Japan has long had an aviation policy which favors airplanes as a mode of mass transit, and favors big carriers like ANA and JAL. You can view this as populist or pro-corporate, or perhaps both. But one thing is for certain: private aviation has never been able to take off here, despite all the wealth and business available to support it.
As late as the mid-90s, long-haul private jet flights had their pick of five daily slots at Narita which were shared with charter flights, making it impossible to fly in and out of Tokyo without a couple months’ notice — enough to make US biz-jet industry representatives complain to Congress. Even for domestic flights today, the flight plan must be filed with the Ministry of Land, Infrastructure and Transport a week or so before the flight, making it impossible to just jet around the country at short notice.
Another key problem is the lack of available facilities. Most huge cities around the world have airports with little or no scheduled service which can serve private planes almost exclusively: New York (Teterboro and Westchester), London (Luton and Farnborough), Paris (Le Bourget), Los Angeles (Van Nuys), Miami (Kendall) and Atlanta (DeKalb) have all gotten it right. The closest thing in Tokyo is the tiny airport in Chofu, which isn’t big enough to handle business jets and can’t be expanded due to the surrounding city area. (The situation is easier in Japan’s secondary cities, though–Osaka has the giant Yao Airport and the new Kobe Airport, and Nagoya’s old Komaki Airport offers many slots for private flights now.)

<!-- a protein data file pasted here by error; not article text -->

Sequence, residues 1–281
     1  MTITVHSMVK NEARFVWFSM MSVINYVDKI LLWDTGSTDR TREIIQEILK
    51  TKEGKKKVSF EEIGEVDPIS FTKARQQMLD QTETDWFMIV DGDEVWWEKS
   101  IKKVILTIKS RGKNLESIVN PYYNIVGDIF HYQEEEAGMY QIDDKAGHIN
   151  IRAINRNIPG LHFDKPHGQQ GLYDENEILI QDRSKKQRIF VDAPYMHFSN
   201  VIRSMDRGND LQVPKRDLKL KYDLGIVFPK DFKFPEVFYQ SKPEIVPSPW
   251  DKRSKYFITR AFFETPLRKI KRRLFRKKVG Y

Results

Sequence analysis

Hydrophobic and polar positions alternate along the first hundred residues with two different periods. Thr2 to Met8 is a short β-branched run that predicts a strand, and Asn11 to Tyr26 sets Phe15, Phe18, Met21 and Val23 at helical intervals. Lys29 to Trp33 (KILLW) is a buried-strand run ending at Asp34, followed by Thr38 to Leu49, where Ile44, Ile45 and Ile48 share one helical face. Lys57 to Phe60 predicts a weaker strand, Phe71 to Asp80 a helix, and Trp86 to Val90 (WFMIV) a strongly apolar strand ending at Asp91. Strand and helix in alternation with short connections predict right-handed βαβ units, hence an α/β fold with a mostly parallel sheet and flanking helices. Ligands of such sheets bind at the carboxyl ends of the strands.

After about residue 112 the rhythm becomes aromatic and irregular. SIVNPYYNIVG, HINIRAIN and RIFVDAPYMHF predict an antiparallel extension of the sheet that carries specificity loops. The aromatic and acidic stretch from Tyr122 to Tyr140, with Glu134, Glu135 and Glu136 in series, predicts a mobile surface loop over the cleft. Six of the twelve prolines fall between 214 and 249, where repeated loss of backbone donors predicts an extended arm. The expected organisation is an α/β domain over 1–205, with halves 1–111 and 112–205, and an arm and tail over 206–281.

It isn’t even practical to keep a business aircraft on the ground in most parts of Japan because of high landing and parking costs. The Japanese business jet charter industry, inasmuch as it exists, largely relies on planes and crews based in Guam or other cheaper locales which are close enough to be halfway practical.
Still, Japan has an active Business Aviation Association which has been lobbying to make the government’s policies more friendly to small planes. Just last month, JBAA sent MLIT’s aviation bureau a request to upgrade Tokyo’s airports for easier use by private aircraft–mainly focusing on better facilities at Haneda and more slots at Narita.
The most interesting component of JBAA’s efforts is their proposal to upgrade of a third Tokyo airport for use by business aircraft. There has been much-publicized talk over setting up a big third airport to serve commercial traffic as well, but if the third airport’s role is downscaled a bit, more options become available. One thing you might not know about Tokyo is that it already has a ton of airports–at least ten within a couple hours’ drive of the city center. A good handful are enormous and can theoretically accommodate planes of all sizes. The only problem is that most of them are used for military/defense purposes. Here’s a Google Maps mashup I threw together to illustrate the options available.
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The JBAA has centered its lobbying efforts around the four largest military bases: Yokota, Kisarazu, Shimousa and Atsugi. Each is about as far from Tokyo as Narita (in the 50-90 minute range) and fairly well-situated for access by road (assuming someone who can afford a jet will at least spring for a limo to the airport).
Of course, there are problems inherent to any such proposal. These fields would have to be vacated or at least significantly ceded by defense units which seem to like their digs, and which might do more for the neighborhood economy than a collection of Learjets and Cessnas would. There’s also the ongoing presence of community protesters to consider–the same folks who forced Itami Airport to stop accepting 747s could easily derail plans to keep a vacated defense facility alive. And, of course, we live in a time when private jets often seem like an unacceptable luxury for many of the businesses which used them with reckless abandon just a couple of years ago.